According to Google, more than half of all web traffic comes from mobile devices, yet, on average, it takes about 15 seconds for mobile sites to load. It’s far too slow when you consider that 53% of mobile site visits will leave a page that takes longer than 3 seconds to load.
So in this post, we’ll look at Google’s recommended page load times for mobile, along with best practice techniques to help you speed up your mobile site.
Google recommends the following as best practice for mobile pages:
► Under 3 seconds: How quickly the mobile page displays content to users.
► Under 1.3 seconds: How fast and responsive a mobile web server is (i.e. time to first byte).
► Fewer than 50: The number of individual pieces of content needed to display the entire mobile page.
► Less than 500 KB: The total size of a mobile webpage, measured in bytes.
Once the scan is done, you’ll see your mobile page loading time, estimated visitor loss, and an industry comparison. It will also tell you how much you could reduce your loading time by applying a few fixes.
The site offers a free report, which you can use to help diagnose any issues. It recommends making optimizations across three general areas:
► Reduce page weight
► Reduce number of requests
► Make a quick first impression
So let’s take a look at the three categories in more details, along with specific fixes.
Before we dive into the fixes below, open your site on your mobile device and tap around. What do you think of your own mobile experience? Is it enjoyable? Or maybe cumbersome?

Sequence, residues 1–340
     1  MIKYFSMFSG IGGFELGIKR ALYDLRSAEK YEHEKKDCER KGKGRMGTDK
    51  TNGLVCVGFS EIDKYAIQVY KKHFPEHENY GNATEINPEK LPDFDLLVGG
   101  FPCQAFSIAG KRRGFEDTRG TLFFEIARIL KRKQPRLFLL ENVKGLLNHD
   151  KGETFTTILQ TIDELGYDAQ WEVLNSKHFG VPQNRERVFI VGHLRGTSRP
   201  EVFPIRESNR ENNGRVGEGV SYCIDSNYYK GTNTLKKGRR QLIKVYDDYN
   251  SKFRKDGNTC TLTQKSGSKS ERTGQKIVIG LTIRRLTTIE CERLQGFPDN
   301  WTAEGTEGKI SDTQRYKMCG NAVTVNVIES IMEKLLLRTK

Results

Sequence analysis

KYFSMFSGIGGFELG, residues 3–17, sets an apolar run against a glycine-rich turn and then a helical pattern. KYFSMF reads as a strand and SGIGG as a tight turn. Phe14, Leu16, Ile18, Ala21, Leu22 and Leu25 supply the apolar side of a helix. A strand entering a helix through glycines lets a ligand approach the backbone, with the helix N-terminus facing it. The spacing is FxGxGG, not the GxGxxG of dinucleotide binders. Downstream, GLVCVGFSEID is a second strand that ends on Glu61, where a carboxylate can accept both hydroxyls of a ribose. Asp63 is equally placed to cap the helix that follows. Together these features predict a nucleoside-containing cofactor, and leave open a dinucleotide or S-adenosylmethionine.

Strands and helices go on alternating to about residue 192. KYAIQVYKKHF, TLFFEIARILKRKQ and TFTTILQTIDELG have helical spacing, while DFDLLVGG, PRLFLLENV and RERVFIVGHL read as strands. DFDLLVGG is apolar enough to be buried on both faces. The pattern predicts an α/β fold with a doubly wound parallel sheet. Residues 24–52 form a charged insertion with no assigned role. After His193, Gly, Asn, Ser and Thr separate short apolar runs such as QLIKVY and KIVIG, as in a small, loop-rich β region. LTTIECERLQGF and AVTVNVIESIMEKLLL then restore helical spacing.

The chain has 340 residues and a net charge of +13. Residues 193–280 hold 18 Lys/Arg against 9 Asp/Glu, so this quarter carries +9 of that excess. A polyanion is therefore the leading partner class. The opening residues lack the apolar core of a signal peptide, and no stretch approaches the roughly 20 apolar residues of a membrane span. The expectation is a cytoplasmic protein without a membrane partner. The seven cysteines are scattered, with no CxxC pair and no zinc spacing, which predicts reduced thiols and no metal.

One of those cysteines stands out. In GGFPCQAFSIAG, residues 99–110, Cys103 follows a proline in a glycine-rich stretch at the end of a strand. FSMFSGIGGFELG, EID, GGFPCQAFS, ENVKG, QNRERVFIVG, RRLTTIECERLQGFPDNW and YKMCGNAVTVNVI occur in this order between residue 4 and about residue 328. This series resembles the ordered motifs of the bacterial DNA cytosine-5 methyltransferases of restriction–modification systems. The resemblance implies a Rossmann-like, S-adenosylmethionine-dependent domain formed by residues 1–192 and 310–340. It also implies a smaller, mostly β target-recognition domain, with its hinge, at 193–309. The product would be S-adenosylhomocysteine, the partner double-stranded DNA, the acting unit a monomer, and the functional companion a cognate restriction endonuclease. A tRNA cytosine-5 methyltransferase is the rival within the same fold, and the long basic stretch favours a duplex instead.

Often, responsive design isn’t enough. All it does is move your content around for smaller screens without taking into account that mobile users usually have different needs to desktop users.
For example, say you run a restaurant website. Mobile users probably want to see your menu and opening hours, and maybe make a reservation. Similarly, depending on your industry, you might want to think about what content you need to display on mobile devices, rather than just displaying everything.
To help you make an informed decision, use Google Analytics to find out which pages your mobile visitors are visiting. To do this, go to Behavior > Site Content > All Pages and then click on “Add Segment.” Select “Mobile Traffic” and click “Apply.” The page will refresh to display your top pages together with their mobile traffic.
We’ve looked at how to reduce page weight on the WP Rocket blog before and I recommend reading this guide to make your site as lean as possible. After all, the leaner your site is, the less there is to load and the faster your page speed will be.
Google recommends the following three fixes for reducing page weight:
Images usually take the longest to load on most web pages but are relatively easy to optimize.
Start by taking the time to review the images on your site and remove any that you don’t need. Then compress them with an image optimization plugin like Imagify. This handy tool will scan your site’s images and reduce their total size without any noticeable loss in quality.
For visually simplistic images such as logos, consider using SVG. SVG images are smaller in size than raster images because their dimensions are defined by mathematical calculations and not by millions of pixels.
This means they carry a lot of information in a relatively small file size format. To further reduce the file size of an SVG image, use a tool like SVG-Optimizer.
Don’t forget to lazy load your images. You can enable this feature in WP Rocket.
Minification refers to the removal of any unnecessary characters in your files, such as comments, formatting, white space, and new files, which aren’t required for the code to execute.
With WP Rocket, you can minify and combine your files under the “File Optimization” tab. Check the file types that you can to minify and combine and then hit “Save Changes.”